It is widely known that the population is marrying later. Seeking financial stability, increased opportunities and having the world at your fingertips has changed the way individuals' lives unfold. This shift in priorities has led to people putting off not only marriage, but also procreation. More couples than ever before are waiting until later in life for childbirth and child rearing. Advances in technology such as in vitro fertilization, oocyte cryopreservation (egg freezing) and egg donation has allowed conception in later years; however, many desire to conceive in the traditional manner. This paradigm shift has then led to a surge in couples facing infertility issues.
According to the U.S. Department of Health and Human Services, approximately 10-15 percent of couples in the United States are infertile. Infertile couples are defined as not having conceived after at least one year of regular, unprotected sex. Studies show that a woman’s fertility starts to drop after she is about thirty-two years old, particularly after age thirty-five. Male fertility progressively drops after age forty. So despite couples feeling less pressured to marry, they do, however, continue to feel the pressure to conceive. For the ones who do not give in to the pressure of the ticking biological clock, they may later encounter issues when ready to bear children. Even the most secure woman can be devastated when faced with the reality of infertility.
But here are some reasons you should not fret!
1. Infertility may be reversible
Many causes of female infertility are things that are reversible. Excessive exercise or weight abnormalities, certain medications, medical conditions, and uterine growths are related to infertility and can be corrected with assistance. There are also hormonal and reproductive track abnormalities that can be addressed with medical intervention.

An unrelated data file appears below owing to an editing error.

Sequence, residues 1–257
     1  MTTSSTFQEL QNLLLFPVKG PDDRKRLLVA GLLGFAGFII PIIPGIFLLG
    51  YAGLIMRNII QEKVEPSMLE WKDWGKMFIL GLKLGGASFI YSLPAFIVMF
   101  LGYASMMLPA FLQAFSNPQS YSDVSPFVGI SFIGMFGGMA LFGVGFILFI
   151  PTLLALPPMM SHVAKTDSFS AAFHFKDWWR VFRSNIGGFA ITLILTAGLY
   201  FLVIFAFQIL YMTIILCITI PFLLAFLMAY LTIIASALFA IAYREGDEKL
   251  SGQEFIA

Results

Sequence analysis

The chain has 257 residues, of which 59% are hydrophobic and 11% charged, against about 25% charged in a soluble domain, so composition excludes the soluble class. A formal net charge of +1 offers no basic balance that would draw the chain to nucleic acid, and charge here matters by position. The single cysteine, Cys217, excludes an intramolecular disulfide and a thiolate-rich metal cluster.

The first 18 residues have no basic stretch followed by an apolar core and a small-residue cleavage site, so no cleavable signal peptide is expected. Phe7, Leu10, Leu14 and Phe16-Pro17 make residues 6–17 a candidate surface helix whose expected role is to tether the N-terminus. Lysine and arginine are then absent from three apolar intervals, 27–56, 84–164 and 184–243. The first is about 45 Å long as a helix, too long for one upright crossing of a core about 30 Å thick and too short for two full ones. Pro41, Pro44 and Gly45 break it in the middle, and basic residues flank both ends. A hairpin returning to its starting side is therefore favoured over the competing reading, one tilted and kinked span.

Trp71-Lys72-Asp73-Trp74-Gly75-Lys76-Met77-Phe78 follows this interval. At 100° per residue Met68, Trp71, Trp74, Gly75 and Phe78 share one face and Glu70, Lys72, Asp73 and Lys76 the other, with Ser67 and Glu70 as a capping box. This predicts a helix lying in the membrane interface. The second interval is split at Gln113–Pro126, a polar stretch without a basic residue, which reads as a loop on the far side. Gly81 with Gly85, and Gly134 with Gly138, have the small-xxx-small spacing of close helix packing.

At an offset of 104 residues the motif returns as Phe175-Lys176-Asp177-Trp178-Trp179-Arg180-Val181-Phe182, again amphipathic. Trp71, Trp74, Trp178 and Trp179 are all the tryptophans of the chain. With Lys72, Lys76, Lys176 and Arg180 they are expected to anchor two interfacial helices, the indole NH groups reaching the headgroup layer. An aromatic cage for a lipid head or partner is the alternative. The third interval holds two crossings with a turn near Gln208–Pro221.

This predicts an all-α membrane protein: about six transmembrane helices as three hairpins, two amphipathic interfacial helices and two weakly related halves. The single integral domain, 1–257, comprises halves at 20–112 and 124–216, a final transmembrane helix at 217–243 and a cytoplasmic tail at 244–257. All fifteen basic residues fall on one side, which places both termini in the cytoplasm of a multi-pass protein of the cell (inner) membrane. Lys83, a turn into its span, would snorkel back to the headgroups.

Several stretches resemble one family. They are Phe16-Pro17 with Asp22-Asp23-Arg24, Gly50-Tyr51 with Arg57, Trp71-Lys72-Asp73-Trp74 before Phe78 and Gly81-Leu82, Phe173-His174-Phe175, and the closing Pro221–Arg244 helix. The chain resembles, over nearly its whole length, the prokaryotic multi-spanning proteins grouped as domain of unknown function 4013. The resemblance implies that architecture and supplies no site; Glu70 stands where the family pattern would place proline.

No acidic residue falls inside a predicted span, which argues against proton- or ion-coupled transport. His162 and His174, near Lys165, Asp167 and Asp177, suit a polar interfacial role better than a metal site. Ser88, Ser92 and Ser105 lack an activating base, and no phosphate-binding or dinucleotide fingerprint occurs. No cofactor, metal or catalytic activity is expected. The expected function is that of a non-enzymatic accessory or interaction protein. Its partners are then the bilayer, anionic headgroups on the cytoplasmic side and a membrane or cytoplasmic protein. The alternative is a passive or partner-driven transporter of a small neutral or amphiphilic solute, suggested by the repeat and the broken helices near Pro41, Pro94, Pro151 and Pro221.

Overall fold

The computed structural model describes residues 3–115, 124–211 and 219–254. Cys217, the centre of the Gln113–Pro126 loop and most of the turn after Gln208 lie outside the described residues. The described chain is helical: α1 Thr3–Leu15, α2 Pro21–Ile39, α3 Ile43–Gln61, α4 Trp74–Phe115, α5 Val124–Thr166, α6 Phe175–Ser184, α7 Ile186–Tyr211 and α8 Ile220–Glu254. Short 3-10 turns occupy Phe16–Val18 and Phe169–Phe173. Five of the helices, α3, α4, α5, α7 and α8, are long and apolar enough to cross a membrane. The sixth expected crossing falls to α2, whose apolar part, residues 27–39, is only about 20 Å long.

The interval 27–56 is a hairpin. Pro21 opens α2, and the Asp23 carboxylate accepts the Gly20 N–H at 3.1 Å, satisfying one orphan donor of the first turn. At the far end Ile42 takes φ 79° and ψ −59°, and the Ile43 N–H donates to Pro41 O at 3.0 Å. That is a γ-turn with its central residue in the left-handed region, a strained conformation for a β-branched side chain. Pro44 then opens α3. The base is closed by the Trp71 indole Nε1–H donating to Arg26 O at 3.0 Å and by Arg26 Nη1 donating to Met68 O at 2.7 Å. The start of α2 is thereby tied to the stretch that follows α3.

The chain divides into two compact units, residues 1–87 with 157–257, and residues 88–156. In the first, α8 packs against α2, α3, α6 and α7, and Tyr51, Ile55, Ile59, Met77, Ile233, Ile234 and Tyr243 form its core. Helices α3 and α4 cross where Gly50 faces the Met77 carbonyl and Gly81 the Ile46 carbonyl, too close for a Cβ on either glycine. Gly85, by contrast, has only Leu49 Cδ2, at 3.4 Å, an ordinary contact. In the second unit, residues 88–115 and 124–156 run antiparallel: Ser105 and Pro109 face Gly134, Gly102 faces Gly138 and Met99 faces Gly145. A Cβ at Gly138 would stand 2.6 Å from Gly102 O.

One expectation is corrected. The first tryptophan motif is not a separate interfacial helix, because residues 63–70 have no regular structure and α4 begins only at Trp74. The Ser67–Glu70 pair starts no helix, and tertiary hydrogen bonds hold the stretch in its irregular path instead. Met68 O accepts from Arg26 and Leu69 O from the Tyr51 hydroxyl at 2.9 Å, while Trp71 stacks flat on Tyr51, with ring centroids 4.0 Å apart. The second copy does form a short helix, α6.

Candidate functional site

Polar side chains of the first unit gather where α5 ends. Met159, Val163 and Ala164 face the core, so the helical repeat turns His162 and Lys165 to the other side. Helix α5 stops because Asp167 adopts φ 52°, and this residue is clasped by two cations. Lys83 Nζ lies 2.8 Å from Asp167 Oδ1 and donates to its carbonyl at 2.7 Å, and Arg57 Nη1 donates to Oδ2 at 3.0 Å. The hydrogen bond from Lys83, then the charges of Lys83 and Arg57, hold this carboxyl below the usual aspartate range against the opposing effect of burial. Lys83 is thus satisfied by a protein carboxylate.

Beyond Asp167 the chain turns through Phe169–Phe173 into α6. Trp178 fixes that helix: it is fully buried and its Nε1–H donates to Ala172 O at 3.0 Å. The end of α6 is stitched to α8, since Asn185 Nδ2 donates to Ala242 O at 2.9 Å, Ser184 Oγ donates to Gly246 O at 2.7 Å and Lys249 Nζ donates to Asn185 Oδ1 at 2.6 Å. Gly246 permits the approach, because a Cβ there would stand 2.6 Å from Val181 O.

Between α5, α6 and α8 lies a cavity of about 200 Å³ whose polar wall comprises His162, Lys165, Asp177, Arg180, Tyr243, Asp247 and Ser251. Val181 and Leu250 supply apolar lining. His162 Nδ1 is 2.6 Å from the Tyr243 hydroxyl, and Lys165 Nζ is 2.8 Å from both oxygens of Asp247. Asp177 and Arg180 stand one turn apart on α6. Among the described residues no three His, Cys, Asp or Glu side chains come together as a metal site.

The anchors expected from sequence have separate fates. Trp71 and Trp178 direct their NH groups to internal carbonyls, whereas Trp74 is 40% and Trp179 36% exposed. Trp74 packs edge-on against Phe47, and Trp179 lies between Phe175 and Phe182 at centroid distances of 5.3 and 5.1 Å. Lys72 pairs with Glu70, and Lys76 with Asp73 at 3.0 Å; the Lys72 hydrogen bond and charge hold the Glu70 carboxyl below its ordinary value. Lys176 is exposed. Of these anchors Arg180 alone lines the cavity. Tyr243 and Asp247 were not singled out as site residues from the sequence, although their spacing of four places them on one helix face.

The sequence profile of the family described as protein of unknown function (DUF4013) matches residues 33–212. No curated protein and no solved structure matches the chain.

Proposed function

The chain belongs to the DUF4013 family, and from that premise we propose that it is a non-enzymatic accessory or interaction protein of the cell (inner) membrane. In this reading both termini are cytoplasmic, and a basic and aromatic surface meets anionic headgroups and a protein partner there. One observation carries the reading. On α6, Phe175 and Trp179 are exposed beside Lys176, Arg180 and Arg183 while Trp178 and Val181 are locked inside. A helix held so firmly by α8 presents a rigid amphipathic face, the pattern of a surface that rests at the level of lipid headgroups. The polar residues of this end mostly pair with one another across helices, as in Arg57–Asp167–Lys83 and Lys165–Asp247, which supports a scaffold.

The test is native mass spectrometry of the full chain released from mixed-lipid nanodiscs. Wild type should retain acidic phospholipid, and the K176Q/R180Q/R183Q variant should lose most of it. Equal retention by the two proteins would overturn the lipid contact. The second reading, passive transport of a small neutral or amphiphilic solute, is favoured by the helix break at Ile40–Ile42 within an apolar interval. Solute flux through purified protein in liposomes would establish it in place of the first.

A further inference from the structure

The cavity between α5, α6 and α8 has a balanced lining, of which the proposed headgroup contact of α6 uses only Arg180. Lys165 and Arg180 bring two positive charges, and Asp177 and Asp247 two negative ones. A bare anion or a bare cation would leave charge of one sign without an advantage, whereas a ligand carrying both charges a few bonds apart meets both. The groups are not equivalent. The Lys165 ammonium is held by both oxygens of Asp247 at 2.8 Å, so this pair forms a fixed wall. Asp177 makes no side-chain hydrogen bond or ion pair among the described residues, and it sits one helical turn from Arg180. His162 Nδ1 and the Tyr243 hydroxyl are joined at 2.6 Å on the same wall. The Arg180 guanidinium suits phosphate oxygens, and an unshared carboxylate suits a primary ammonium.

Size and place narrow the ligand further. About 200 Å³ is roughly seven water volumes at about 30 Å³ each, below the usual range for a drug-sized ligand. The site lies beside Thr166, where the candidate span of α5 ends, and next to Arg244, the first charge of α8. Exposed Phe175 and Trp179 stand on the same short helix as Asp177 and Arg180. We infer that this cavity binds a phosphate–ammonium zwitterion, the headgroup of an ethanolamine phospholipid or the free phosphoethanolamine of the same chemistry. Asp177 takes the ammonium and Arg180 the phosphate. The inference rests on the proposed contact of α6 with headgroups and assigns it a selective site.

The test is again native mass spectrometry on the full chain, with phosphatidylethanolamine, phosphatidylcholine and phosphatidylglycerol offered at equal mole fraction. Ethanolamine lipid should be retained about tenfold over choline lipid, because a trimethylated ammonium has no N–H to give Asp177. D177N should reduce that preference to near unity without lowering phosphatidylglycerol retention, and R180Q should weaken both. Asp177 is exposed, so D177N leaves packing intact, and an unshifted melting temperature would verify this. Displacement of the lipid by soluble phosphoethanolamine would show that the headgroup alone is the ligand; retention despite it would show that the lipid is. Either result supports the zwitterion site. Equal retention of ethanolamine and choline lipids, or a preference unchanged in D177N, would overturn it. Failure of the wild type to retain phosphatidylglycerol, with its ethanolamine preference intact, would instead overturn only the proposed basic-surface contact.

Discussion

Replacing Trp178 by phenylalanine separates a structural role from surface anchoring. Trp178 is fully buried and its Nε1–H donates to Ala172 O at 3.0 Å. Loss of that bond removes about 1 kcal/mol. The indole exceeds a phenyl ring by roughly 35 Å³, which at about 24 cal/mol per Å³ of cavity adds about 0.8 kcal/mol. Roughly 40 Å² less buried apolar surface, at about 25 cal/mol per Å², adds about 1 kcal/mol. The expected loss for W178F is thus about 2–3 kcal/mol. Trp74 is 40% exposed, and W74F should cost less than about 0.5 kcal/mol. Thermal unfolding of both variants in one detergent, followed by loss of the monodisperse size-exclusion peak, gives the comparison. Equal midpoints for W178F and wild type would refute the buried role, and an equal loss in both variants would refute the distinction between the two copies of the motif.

2. He can take action
Studies show that at least one-third of infertility cases are related to male causes.22 These can be anything from sperm production or functional issues, lifestyle issues (for example, smoking, excessive alcohol use, marijuana, or steroids), or illness. Urge your guy to also get evaluated for ways he can improve his fertility.
3. It’s better to have fun trying
Many couples report that the stress of procreating alone stood in their way of conceiving. Sex can start to become routine, unromantic, and mechanical when in the process. The repeated negative pregnancy tests can become demoralizing. The stress of the situation itself, compounded by normal life stressors, can lead to further issues with fertility. Stress reduction techniques and lifestyle changes often allow couples to conceive who couldn’t before. Lowering stress to increase fertility can be as simple as a massage, acupuncture, or weekend getaways.
4. There are other reasonable options
I know, I know. You want to conceive your child the good old-fashioned way. But when it comes down to it, there have been dramatic developments in assisted reproductive technology. Contact your gynecologist for an evaluation to discuss your options.
The opinions expressed here are solely my own as a psychiatrist and public health advocate. I receive no support from any pharmaceutical or device company.
My new book—The Modern Trophy Wife: How to Achieve Your Life Goals While Thriving at Home — is now available in electronic, paperback and hard cover versions on Amazon, Barnes & Noble, and Ibooks.
My website is http://www.ayogathingmd.com